VANCOUVER (NEWS 1130) – The province’s labour laws are getting an overhaul, and one of the proposed amendments would prohibit employers from taking a cut of the tips earned by service workers.
The change is being celebrated by Eric Nordel, a Victoria bartender and member of the Retail Action Network. “We’ve been lobbying for this for about three years — pre-NDP government — and it is one of those things where people are like ‘really, that’s not even a law?'”
Nordel says tips make up a significant percentage of restaurant workers’ income, but management claiming a portion of that income has become more standard across the service industry.
He adds the Retail Action Network receives calls every week from industry workers who have been denied tips for various reasons, sometimes totalling hundreds of dollars.
“It just makes this already part-time precarious work even more precarious because you just don’t know if the employer will say ‘you’re not getting your tips this month,'” he said.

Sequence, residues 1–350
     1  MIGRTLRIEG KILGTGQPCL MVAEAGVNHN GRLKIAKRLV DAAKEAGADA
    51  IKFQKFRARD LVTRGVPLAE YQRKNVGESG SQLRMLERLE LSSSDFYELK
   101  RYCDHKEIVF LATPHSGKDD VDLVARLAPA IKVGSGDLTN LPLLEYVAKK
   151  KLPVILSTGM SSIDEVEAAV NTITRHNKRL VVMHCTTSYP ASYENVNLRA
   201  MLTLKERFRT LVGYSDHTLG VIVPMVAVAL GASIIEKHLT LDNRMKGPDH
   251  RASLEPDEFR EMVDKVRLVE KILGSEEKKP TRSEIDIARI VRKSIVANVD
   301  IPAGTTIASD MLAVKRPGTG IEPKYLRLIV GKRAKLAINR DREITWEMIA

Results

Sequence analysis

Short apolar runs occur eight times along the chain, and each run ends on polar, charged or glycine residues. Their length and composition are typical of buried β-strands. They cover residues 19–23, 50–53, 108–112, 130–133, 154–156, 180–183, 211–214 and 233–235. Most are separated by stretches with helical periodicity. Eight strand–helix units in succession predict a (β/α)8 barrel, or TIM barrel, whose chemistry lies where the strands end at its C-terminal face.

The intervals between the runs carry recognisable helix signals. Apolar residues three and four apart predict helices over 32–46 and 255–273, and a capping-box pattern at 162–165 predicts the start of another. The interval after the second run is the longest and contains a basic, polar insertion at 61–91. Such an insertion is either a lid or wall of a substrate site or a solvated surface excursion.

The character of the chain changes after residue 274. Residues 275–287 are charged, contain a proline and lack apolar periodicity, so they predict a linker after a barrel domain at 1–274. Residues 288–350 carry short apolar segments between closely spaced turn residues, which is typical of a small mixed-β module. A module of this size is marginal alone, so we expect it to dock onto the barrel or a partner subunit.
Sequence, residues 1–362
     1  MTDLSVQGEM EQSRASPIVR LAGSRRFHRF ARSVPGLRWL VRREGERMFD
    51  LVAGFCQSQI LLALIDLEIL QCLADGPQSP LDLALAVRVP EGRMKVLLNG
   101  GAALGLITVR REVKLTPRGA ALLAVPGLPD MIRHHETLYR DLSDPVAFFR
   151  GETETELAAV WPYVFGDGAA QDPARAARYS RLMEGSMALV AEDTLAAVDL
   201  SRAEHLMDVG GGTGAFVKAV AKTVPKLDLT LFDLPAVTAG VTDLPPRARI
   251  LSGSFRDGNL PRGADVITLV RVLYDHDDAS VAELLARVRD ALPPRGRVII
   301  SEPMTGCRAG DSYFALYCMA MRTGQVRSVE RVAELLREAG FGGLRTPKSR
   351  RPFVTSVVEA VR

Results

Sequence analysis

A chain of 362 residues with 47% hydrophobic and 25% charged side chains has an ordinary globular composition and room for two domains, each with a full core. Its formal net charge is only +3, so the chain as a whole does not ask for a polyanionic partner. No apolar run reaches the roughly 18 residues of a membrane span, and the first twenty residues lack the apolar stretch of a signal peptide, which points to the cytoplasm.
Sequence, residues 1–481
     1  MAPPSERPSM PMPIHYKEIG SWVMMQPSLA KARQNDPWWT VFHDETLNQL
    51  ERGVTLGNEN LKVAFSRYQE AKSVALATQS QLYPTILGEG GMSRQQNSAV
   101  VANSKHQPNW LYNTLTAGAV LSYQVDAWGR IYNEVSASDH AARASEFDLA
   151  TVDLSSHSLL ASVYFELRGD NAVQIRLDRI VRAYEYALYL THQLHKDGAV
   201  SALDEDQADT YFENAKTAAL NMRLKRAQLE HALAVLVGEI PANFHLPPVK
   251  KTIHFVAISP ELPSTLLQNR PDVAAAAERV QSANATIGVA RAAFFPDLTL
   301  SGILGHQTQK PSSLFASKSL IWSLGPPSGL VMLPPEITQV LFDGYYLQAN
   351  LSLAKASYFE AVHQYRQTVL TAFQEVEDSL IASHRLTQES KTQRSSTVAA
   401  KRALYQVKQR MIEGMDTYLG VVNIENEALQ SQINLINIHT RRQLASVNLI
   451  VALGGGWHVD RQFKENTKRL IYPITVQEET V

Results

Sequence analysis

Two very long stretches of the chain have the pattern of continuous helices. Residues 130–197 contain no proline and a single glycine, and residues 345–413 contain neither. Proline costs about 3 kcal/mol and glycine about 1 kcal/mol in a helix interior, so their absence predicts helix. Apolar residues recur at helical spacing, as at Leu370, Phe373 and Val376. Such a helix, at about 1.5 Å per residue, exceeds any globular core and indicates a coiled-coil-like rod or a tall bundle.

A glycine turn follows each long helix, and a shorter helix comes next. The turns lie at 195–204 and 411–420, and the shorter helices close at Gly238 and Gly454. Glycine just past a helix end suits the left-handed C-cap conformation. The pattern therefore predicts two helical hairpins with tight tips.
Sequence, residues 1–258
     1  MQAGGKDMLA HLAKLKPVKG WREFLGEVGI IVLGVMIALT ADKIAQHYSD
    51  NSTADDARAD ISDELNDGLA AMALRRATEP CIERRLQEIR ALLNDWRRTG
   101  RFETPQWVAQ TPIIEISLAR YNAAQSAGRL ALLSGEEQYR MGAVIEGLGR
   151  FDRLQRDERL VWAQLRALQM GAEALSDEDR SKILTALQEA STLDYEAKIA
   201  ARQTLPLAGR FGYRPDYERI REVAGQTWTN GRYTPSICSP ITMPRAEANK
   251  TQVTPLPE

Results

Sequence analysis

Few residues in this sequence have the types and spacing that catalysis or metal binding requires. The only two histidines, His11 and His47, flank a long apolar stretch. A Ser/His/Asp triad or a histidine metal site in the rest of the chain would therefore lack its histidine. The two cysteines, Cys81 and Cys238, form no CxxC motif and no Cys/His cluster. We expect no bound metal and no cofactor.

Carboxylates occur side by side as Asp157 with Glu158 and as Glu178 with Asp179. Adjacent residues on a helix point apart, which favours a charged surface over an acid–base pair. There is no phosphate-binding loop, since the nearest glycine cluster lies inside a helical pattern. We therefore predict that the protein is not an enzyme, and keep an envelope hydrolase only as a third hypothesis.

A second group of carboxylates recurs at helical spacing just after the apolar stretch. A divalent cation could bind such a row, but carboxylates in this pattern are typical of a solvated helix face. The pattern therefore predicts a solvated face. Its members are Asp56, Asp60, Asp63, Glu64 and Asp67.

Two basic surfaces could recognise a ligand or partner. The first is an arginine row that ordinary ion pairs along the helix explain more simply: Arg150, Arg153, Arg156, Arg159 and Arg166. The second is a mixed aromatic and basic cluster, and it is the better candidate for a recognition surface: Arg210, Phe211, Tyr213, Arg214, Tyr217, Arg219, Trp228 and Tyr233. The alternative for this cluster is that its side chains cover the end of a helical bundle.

The Employment Standards Act would still permit tip pooling if the amendment is passed, and an employer could still claim a share if they perform the same work as others in the pool.
Vancouver-based server Chris Beeson says the tips he receives are more significant to his overall income than his base hourly pay. He tells us it’s surprising that tip protections were not already entrenched in legislation.
“I think that most of the people that do a serving job or work in bars are there solely for the tips because the base pay is just never enough,” he said.
While he welcomes the change, Beeson would prefer to see tip culture disappear, and for the service industry to pay its workers a living wage. “There’s too many variables when it comes to tipping that rely on the guests who come in to have an understanding of how the system works, which most don’t.”
Other proposed changes to the Employment Standards Act would prevent workers escaping domestic violence from losing their jobs, restrict the kind of hazardous work teenagers can be asked to perform, and raise the age a child may work from 12 to 16, with some exceptions.